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Washingtonia robusta H.Wendl. (Images by Gurcharan Singh & Satish Phadke (Inserted by J.M.Garg) (For more images & complete details, click on the links)) 

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Wodyetia bifurcata A.K.Irvine (Images by Raman Arunachalam, Muthu Karthick (Id by Mahadeswara Swamy & Shrikant Ingalhalikar) & Aarti S Khale (Inserted by J.M.Garg) (For more images & complete details, click on the links))

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Indigenous palms of India (General Article: by A. R. Kulkarni and R. M. Mulani- Palms stand next to grasses in the socio-economy of the human race, apart from their significant
contribution to beautify the urban landscapes as horticultural ornamentals. This group in India is represented by 20 genera and about 96 species among which 24 species belonging to nine genera are endemic to India. Most of our forest palms are experiencing severe threat to their existence, mainly due to anthropogenic factors. Measures for their conservation, worthy of mention, are almost nil. The present article is a review of Indian palms with reference to their diversity, distribution, ecology, status and relevance in native economy along with a brief account of some endemic/ endangered taxa. A note on the strategies for their conservation and possible commercial exploitation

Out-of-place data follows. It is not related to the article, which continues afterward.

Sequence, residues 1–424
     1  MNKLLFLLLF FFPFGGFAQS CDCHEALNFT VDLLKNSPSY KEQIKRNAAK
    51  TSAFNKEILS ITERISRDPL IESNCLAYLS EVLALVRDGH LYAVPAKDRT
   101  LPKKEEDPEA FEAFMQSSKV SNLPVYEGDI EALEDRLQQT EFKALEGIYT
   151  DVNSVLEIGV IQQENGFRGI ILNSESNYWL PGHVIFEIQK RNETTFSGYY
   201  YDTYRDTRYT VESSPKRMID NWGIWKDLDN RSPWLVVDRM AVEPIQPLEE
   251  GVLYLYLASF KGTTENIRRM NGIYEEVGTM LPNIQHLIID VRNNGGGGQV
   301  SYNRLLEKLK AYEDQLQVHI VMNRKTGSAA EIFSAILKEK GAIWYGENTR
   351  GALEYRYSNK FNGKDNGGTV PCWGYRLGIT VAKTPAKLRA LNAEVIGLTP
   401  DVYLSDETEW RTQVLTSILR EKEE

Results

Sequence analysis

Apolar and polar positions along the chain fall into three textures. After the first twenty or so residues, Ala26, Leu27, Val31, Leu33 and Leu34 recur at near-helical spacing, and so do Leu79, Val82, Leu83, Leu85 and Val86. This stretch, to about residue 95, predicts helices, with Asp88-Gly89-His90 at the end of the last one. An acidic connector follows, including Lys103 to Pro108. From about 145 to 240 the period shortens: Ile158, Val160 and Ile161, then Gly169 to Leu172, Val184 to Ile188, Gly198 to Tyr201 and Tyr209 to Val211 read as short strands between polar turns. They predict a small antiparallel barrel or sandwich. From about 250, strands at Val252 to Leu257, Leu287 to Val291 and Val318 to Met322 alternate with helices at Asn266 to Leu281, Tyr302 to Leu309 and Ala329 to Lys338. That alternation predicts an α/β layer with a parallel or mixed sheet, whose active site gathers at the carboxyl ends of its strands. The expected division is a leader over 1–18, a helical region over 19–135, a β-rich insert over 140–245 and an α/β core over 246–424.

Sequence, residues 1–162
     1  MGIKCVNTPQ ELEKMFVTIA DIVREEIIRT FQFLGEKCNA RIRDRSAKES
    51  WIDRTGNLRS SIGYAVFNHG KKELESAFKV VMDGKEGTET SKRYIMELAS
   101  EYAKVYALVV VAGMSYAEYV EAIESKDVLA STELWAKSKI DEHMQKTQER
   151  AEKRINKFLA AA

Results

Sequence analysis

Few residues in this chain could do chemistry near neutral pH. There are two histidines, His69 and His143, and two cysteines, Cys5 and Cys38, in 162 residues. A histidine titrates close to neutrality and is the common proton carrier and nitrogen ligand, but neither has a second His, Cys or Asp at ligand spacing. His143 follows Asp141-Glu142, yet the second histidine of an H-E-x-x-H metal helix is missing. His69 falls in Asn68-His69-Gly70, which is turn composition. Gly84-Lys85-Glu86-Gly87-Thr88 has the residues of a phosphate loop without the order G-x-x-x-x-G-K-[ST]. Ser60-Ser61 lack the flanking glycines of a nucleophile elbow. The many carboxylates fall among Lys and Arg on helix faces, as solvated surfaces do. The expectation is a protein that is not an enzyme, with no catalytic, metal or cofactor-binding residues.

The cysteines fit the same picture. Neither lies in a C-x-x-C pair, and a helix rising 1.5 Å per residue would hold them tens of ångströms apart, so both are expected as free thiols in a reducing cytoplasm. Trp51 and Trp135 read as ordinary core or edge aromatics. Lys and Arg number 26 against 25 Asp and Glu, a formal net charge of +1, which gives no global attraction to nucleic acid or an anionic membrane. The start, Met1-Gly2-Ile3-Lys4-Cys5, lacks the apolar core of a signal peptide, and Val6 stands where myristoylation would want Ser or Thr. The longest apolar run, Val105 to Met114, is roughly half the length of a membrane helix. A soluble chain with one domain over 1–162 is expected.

has been appended.)



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Palms of Southern Asia by Andrew Henderson (2009)- Introduction & keys to the genera (pdf in 18 pages)



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Palms of Southern Asia by Andrew Henderson (2009)-  Preview of some pages



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As already announced our next Fortnight episode in August, from 1 to 14 will include Araceae, Arecaceae and Zingiberaceae. Following experts have agreed to coordinate
…………………………..
Arecaceae            Mr. Shrikant Ingalhalikar
Members are requested to kindly adjust subject line accordingly for the convenience of experts:
“Araceae, Arecaceae and Zingiberaceae Fortnight: Arecaceae………………….”
………………………………..